In a nutshell, The Copenhagenize Current involves digging trenches under existing cycle tracks, implementing precast, concrete containers and covering them with pre-fab, concrete slabs. It is a basic cut and cover operation. On streets without adequate space for wide medians that can be dug out and act as reservoirs for stormwater, the Copenhagenize Current can act as an incredibly efficient, high-volume system to expedite the drainage of streets and lead water away from vulnerable areas. Copenhagenize Design Co.s architect Steve Montebello has worked on the designs and calculations.
We have designed the Copenhagenize Current to lead high-volumes of water through vulnerable neighbourhoods. The Cities of Copenhagen and Frederiksberg have been discussing dredging one of the Lakes - Saint Jørgen's Lake - and lead stormwater to it from surrounding areas so it can act as a temporary reservoir.
This is what it might look like, complete with redesigned lakefront. The Copenhagenize Current can be used to lead water to such a lake reservoir solution.
Using pre-fabricated concrete slabs that can bear the weight of thousands of bicycles - and still allow for crossing motor vehicles at intersectionss - allows for implementation of a number of other features. LED lights can be built into the slabs to further visibility of the cycle track. In addition, heating coils can be embedded in the surface, under the final layer of asphalt, to melt snow and ice during the winter.
Having pre-fab slabs will also provide a smoother ride for cyclists, minimise the risk of potholes and make maintenence of the cycle tracks easier. So much goodness.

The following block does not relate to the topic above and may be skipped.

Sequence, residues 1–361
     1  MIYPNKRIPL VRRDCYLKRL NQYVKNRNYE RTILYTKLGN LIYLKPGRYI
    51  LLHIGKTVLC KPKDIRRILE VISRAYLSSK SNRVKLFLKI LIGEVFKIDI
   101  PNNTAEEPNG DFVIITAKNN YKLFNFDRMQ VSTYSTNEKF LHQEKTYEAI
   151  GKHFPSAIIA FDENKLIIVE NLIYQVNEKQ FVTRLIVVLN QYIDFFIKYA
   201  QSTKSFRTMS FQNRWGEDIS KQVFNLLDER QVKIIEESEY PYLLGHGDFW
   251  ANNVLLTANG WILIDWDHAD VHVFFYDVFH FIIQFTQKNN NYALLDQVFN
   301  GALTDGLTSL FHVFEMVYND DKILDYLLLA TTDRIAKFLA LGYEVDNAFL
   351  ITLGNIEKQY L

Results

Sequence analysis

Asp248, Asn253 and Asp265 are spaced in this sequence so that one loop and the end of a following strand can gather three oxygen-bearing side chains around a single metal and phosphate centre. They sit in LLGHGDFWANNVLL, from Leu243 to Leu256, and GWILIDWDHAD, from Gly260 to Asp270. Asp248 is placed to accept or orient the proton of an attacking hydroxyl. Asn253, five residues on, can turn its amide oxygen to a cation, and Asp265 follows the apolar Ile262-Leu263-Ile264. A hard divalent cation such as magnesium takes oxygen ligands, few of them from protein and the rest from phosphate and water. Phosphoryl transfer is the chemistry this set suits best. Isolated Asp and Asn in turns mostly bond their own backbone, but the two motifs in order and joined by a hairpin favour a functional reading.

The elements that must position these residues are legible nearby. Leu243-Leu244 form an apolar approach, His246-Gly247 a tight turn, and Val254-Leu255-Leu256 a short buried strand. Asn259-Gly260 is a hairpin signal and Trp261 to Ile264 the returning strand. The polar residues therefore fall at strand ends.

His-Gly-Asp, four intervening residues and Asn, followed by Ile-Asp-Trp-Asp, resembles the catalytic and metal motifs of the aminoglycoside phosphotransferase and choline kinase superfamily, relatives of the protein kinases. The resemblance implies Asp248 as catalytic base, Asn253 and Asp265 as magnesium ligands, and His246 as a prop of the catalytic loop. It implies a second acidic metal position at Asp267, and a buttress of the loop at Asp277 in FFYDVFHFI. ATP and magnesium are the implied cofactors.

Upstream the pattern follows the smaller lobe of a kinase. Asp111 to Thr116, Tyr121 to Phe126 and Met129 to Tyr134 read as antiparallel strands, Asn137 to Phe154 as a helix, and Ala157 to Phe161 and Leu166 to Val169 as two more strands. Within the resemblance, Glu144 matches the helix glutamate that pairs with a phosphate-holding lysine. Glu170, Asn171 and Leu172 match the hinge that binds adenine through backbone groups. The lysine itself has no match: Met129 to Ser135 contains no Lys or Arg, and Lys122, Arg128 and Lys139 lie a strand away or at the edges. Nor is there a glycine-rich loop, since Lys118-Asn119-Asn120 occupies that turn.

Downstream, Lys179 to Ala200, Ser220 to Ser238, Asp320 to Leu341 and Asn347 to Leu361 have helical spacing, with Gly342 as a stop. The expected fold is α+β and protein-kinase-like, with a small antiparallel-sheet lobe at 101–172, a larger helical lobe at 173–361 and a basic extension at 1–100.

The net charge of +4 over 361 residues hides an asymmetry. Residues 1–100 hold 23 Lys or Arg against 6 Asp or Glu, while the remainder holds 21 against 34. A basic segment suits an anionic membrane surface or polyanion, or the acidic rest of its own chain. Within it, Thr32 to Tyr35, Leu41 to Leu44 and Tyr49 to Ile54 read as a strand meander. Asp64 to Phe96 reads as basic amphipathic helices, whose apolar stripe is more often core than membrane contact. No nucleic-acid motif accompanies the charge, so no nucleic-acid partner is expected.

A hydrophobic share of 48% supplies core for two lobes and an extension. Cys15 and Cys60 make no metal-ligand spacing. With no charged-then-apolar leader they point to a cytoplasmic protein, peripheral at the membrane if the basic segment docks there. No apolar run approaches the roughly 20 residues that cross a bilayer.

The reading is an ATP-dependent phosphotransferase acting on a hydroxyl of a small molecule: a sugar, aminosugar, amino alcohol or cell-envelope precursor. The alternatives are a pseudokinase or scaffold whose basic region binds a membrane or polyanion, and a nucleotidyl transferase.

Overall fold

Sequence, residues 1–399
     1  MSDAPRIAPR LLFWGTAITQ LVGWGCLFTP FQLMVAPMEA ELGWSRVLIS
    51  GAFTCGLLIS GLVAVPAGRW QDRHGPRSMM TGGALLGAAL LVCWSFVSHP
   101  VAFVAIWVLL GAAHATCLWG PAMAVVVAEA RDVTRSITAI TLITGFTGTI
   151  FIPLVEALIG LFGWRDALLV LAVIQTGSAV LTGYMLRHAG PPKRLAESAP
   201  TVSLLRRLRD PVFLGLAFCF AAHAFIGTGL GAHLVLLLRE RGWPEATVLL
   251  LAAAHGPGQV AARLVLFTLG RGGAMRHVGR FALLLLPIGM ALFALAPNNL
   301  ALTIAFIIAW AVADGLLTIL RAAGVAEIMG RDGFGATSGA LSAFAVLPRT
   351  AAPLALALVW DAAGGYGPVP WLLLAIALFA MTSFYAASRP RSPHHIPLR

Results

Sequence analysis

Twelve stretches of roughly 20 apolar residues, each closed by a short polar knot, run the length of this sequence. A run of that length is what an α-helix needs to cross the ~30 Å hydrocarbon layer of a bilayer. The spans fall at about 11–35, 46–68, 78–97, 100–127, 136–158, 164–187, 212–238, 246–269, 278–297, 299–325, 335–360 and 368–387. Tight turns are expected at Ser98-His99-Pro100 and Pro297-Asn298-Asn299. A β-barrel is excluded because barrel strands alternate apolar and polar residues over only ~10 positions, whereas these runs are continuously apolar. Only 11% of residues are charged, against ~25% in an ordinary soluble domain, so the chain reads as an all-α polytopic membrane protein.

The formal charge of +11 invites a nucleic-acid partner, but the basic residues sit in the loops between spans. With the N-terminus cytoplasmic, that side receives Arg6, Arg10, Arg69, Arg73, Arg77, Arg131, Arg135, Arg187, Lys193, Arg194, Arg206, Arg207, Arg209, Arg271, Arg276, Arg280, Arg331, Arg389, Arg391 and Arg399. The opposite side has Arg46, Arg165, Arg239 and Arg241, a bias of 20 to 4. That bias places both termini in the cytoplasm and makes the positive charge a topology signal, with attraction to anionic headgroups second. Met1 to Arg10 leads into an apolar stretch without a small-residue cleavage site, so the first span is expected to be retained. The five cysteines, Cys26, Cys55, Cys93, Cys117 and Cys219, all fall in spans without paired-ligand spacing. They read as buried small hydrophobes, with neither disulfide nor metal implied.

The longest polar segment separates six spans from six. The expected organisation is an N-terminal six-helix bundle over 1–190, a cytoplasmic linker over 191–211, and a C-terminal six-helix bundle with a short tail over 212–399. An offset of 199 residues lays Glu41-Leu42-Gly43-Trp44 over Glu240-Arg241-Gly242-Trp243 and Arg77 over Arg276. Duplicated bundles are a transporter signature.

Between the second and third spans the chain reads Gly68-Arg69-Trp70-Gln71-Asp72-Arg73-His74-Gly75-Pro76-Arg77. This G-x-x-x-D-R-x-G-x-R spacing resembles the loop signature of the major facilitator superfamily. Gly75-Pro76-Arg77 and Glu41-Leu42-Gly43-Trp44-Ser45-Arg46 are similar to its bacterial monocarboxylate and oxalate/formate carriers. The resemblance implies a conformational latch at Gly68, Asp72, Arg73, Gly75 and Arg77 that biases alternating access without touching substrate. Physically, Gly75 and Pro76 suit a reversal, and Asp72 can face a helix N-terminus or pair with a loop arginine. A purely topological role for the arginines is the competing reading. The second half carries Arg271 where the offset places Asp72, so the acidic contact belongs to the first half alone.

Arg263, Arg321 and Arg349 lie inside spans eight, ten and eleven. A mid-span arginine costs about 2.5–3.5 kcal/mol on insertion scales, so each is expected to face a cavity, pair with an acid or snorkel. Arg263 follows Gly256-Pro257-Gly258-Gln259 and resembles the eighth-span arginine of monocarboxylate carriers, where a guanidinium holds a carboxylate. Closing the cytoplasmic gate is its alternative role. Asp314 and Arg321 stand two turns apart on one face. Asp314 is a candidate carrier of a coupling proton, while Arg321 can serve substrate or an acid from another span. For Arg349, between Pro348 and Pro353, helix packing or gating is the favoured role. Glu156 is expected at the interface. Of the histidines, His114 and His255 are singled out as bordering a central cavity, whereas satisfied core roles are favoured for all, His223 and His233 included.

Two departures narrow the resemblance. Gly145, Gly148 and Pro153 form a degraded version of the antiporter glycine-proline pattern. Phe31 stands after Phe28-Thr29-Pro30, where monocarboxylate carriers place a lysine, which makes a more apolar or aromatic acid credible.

The design allows for a maximum amount of drainage grates so that all water at every point can easily fill into the concrete trenches. Grates on the surface will serve to drain water coming from the sidewalk onto the Current. The Current can also work independently of the existing sewer system or together with it, depending on need.
The water flow routes in Copenhagen. Most lead towards the harbour or the sea.
Apart from the obvious benefits of the Current, namely the fast removal of stormwater from streets and protecting surrounding neighbourhoods and buildings from flooding, there are points that provide an added value to our design.
Improved Accessibility to Cables
Most cables related to urban life are buried beneath sidewalks and, to a lesser extent, roads. We have considered the idea of creating cable trays on the wall of the concrete trenches to provide easy access to certain types of cables.
Inspiration for Improvement
The design serves an important purpose - stormwater protection for cities. The design can also encourage municipalities that are reluctant about widening existing bicycle infrastructure on certain streets to finally do so by implementing the Current. Gammel Kongevej, with the narrowest cycle tracks in the capital, springs to mind.
Maintenance costs on cycle tracks will fall due to the reduced need for repairing potholes. Better infrastructure encourages cycling, as well. The pre-fab slabs are easily replaced on an individual basis if need be.
We would love to see the Current end in a pipe that leads under Skt Jørgens Lake or in the harbour. The mouth of the pipe positioned above the surface. During a stormwater surge, the force of the water rushing to the destination will create a fountain. A spray of water - that can be designed - that will celebrate the rain - and the human solutions for tackling it.
Accommodation can be made for pipes leading off of the Current onto side streets or into parks where silva cells under trees and/or vegetation are located.
When the climate - or rather humans - throws you a curve ball, you have to think out of the box. Especially when your box is quickly filling up with water.